The Ins and Outs of Offering Disaster Recovery Work

The Ins and Outs of Offering Disaster Recovery Work

Advertising your contracting business to storm-ravaged areas needs to be done with care to avoid appearing like a vulture or the impression that you’re preying on a tragedy. As a contractor, you know you have the knowledge and skills to help people rebuild their lives – but getting the word out after a disaster is a delicate undertaking.

Advertising Your Services After a Disaster

Advertising options immediately after a disaster are limited. As people assess the damage done to their homes, it’s not likely they’ll be interested in clicking on your newsletter or e-mail blitz. Depending on the severity of the disaster, post offices might not be running mail, either. So what’s a contractor to do?

Look to the tried and true avenues of radio and in-person advertising. Get out into the world and actually talk to your potential clients about their needs and wants — and if you can meet them, initiate that sale.

Be Mindful of the Situation

Double and triple check the wording and imagery used in your promotional materials. If you usually use images and wording related to the event that caused people to lose their homes, opt for a different campaign. For example, if your normal promotional materials contain a fire logo and you’re offering to help rebuild after a forest fire, you’re looking at a PR disaster of your own.  If you find yourself questioning your promotional materials and whether someone could take offense in the wake of a disaster, you’re probably better off reworking them.

Are Discounts the Way to Go?

The compassionate thing to do after a disaster is to offer help. From a humanitarian perspective, this is great. But from a business perspective, it’s a nightmare.

Lowering your prices to aid in disaster recovery can seem like the way to go, but people are scrambling to weed out the pros who know what they’re doing from the riff raff looking to make a quick buck. If you run a tight ship, chances are good you’ve already priced your services fairly so that you can continue working. Consider keeping your prices firm and offering discounts as you see fit.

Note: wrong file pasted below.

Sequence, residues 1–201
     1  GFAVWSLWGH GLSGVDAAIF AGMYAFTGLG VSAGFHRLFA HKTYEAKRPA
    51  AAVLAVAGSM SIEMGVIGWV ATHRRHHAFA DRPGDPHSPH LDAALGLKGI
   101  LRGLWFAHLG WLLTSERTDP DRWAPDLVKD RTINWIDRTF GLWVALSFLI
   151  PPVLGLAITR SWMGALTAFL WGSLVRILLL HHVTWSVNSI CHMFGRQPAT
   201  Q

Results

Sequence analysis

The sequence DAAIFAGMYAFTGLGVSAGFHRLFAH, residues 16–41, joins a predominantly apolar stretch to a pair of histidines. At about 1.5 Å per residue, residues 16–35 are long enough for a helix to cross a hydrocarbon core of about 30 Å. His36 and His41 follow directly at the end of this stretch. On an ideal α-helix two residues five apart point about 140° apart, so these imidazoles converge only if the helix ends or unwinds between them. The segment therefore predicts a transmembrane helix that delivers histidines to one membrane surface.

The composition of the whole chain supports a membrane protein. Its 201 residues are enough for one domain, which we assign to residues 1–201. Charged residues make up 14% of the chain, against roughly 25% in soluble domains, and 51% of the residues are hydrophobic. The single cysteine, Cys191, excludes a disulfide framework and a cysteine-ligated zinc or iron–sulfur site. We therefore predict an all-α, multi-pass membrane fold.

Volunteer Your Time, Materials and Skills

Actions speak louder than words, and the best way to get the word out that you’re able to help and do quality work for those recovering from a disaster is to get out there and pitch in. One of the ways to build trust among those looking for contractors after a disaster is to donate what time, materials and skills you can to trusted organizations looking to help in the recovery. You’ll know you helped, you’ll have accomplished something good and you might get some positive press and mentions out of it.

Make Sure You’re Able to Help

As people recover from disasters, they’re likely looking at using their insurance company or FEMA agreements to pay for the work. This can be a legal and logistical nightmare, so make sure you’re somewhat familiar with the way those payments work and be certain you can handle them.

Offering Disaster Recovery Work for Contractors

Be mindful of the situation people are dealing with — it’s possible people haven’t just lost their homes and material possessions, but pets or family members as well. Emotions are running high and this is not the time to play fast and loose with your promotional material’s wording and imagery.

Offer discounts as you see fit and can afford and avoid underpricing yourself just to get a few gigs. Don’t underestimate the power of word of mouth and the positive effect that volunteering as you’re able can bring. As people seek out contractors to rebuild and repair using their insurance payouts or FEMA agreements, they’ll remember your name.

What’s the best tip you have for other contractors looking to offer their services after a major disaster?